The Edyth May Sliffe Awards for Distinguished Mathematics Teaching in Middle School and High School are given annually to teachers of middle and high school mathematics who have done outstanding work in motivating and interesting students in mathematics through participation in one of the AMC student contests, the AMC 8, AMC 10, and/or AMC 12. The ideal Award recipient has made a difference in students’enthusiasm for mathematics by encouraging them to do mathematics, to enjoy mathematics, and to compete in mathematics. High team placement is neither a requirement nor a guarantee of selection for the award. Many accomplishments that show evidence of successful mentoring qualify a nominee for an Award (see selection criteria). The most important factor for selection is a convincing nomination letter. At least 20 awards are given to teachers of middle and high school mathematics each year and carry a stipend of $500.
Teachers who have played a key role in preparing students for the AMC contests must receive two or more nominations to be considered for the Award. Nominations signed by two or more individuals qualify as two nominations. Self-nominations are accepted but cannot be jointly signed by others.
The Committee on Edyth May Sliffe Awards will select individuals based on the evidence of outstanding mentoring presented in nomination letters. Additional data available on the Mathematical Association of America's past and present AMC contests may be used in determining winners from amongst those nominated. The nominator may be a student; a parent; a fellow teacher or associate, including school volunteers; or a school administrator. The person being nominated must be a middle or high school teacher and the key person who prepares students for AMC participation. The outstanding work done in mentoring and inspiring students should be explicitly addressed by the nominators in the letters of nomination. The Committee cannot determine who is responsible for preparing teams for the AMC contests based solely on the administrative information submitted for contest registration. Thus, only teachers who are nominated will be considered for a Sliffe Award. In addition to personal testimony on the part of the nominators of the influence of the nominee, additional evidence of excellence may be: comparisons with scores of teams in the past from the same school, with schools of similar type within the same region, or with schools with similar demographics; increase in participation in the AMC contests or in the number of qualifiers for additional AMC contests such as the AIME or USAMO; and, encouragement of mathematical training outside the classroom. The case for the Award must be made by the persons submitting the nominations. Nominations must be completed in the space provided on the nomination form, and must be received no later than April 1 each year.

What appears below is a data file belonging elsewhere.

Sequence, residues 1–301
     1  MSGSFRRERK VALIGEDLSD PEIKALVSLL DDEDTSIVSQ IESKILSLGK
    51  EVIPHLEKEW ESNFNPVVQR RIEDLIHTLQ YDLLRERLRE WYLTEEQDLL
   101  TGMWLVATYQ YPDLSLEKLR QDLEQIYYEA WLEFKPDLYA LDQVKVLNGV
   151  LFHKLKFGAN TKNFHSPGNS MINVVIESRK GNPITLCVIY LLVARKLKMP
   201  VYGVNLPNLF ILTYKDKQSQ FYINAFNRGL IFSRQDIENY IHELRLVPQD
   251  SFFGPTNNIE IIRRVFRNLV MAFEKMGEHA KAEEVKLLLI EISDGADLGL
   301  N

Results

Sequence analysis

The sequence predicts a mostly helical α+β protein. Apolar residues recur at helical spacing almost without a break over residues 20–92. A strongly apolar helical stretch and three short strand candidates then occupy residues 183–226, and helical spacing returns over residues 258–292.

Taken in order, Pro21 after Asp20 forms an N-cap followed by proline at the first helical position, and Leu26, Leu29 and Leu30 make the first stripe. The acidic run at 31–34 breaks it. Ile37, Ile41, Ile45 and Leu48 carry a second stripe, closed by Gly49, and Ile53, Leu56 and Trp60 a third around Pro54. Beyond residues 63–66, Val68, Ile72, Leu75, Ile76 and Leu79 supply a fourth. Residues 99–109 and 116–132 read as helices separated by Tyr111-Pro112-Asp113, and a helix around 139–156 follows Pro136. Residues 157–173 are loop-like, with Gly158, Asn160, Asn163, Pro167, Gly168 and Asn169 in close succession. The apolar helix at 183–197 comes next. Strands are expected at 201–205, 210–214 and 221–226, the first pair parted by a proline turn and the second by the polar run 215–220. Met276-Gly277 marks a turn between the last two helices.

Deadline for nominations for 2016 awards is June 1, 2016.
To be considered for the Award a nominee must be nominated by at least two individuals. Such nominations may be made by a joint nomination from two or more individuals or by individual nominators.
The Edyth May Sliffe Awards Committee of the MAA selects awardees based on the nomination evidence and data available on the Mathematical Association of America's past and present AMC contests. The outstanding work done in preparing students for the contests sponsored by the MAA should be explicitly addressed by the nominator. The nominator may be a student, a parent, a fellow teacher or associate including school volunteers or a school administrator, or oneself, but there are no restrictions on who may be a nominator.
The nominated person must be a teacher who prepares students for the AMC contests sponsored by the MAA.
Nomination is by letter, submitted on this website (below) and presenting strong evidence of the nominee’s outstanding work. For example, comparisons might be made with school scores or statistics (e.g., the sum of the top three scores for the school which is calculated in the AMC school report) in the past or when different individuals prepared the student(s), with schools of similar type within the same region, with schools with similar academic standards and/or expectations, or year-to-year increases in school scores or statistics. Other criteria for consideration might be growth of participation in the AMC contests, the number of qualifiers for additional AMC contests such as the AIME or USAMO, encouragement of mathematical training outside the classroom, or students outperforming local average scores due to the work of the nominee. Most important is the effect that the teacher has had on students’ interest and participation in mathematics through preparation for AMC contests. The case for the award must be made by the person(s) submitting nominations. In addition, the Committee may use data kept by the MAA on present and past AMC contests in its deliberations to determine winners from amongst those nominated.